Scituate resident Kathleen Dunn has a knack for painting open space.
A landscape painter in trade, Dunn has always had a love of capturing the environment, bringing life into the stillness of a drawing or painting, and defining time through color and shade.
Yet her latest exhibit, titled “Atlantic Study Series,” on display in Rockland Memorial Library from Oct. 3 through Oct. 28, seeks to understand a very distant, and often overlooked, part of an everyday seascape – where the sea meets the sky.
The series is based on a visual study of the horizon line from Scituate. Done mostly from around her home in Scituate, and partially through time spent on the Cape, Dunn said the idea came to her after spending so much time on the waterfront.
“I live in Scituate, so I’m near the ocean, and I’ve also spent a lot of time down in the Cape,” she said. “But most of these are based on living by the coastline, having that view of the horizon.”
Her paintings capture the studies they came from. Blue panels with gentle white and green strokes seem deep and cool. Monet-like in texture, and lifelike in form, the prominent color blue seems to saturate even beyond the painting’s edge.
The works, each at around 20 inches tall and 20 inches wide, oil on paper, are meant to draw the viewer in, make them contemplate more than just the composition reflected in the piece.
It’s like staring into the ocean, Dunn said.
“You’re wondering what’s beyond that, it’s more ocean. It’s just a vast plain when you look out there. It can be kind of meditative in a way,” she said.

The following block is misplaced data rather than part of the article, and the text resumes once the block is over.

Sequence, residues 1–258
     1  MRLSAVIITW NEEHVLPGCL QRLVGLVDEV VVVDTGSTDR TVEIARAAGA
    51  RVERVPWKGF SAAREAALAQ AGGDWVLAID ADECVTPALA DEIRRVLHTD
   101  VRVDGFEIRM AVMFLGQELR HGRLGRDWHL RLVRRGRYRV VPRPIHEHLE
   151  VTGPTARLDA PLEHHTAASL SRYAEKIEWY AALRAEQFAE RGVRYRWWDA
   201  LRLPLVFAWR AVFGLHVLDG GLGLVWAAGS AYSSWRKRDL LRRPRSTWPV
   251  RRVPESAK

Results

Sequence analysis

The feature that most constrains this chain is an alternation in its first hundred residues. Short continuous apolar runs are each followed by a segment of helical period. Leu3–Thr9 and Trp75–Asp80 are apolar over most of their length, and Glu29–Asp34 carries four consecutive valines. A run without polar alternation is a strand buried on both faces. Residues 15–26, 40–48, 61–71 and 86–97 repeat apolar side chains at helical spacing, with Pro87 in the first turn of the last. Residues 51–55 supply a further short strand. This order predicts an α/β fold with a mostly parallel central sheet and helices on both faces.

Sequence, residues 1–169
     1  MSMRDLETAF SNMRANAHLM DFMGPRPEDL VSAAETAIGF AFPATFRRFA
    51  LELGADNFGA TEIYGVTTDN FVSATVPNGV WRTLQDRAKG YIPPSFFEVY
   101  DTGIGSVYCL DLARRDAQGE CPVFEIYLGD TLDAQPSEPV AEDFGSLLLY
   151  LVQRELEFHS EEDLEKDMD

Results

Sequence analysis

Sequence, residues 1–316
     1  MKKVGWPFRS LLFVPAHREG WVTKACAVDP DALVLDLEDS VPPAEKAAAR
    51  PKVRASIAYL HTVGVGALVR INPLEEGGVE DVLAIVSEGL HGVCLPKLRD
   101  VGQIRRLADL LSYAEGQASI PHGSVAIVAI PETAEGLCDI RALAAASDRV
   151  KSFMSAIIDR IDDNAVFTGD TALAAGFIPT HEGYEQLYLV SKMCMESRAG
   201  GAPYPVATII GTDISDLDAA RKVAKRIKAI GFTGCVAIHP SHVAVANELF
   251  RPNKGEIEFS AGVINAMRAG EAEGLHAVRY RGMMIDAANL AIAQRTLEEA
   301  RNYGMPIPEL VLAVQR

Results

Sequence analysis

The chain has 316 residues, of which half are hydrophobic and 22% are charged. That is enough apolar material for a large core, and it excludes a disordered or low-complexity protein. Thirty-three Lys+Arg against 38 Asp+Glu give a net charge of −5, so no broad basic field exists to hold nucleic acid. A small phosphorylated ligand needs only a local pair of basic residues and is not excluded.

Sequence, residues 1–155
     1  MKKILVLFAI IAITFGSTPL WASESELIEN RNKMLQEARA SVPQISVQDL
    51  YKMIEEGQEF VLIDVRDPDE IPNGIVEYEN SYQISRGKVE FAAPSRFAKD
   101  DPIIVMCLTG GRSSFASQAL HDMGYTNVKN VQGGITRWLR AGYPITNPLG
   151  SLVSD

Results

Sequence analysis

The series is ongoing, and the Rockland exhibit will display only four of the 10 in the series Dunn has completed thus far.
Although almost static in nature, Dunn said painting the one subject was actually more difficult than it initially seemed.
“You just concentrated on that one subject. That one view, the horizon line at the ocean, that’s all your concentrating on. It seems very static but it’s not. The waves are always changing, the sky, the light, you see a lot of differences you might not realize are there,” she said.
She was influenced by artist-in-residencies in the historic dune shakes in the Cape Cod National Seashore, and studied at the Massachusetts College of Art and the Truro Center for the Arts.
She is also a graduate of UMass-Boston.
Dunn has exhibited in numerous galleries and libraries throughout the South Shore, and is excited to add Rockland’s Art in the Rotunda gallery to her list.
“It’s nice that Rockland offers this to people in the area, that you can show your work locally,” she said. “They have a nice arrangement in the library. It’s not Newbery Street, but its nice to see things locally, and it’s important for the community.”
A reception for the artist’s exhibit is scheduled for Oct. 5 from 6 to 7 p.m.
For more of Dunn’s work, click here.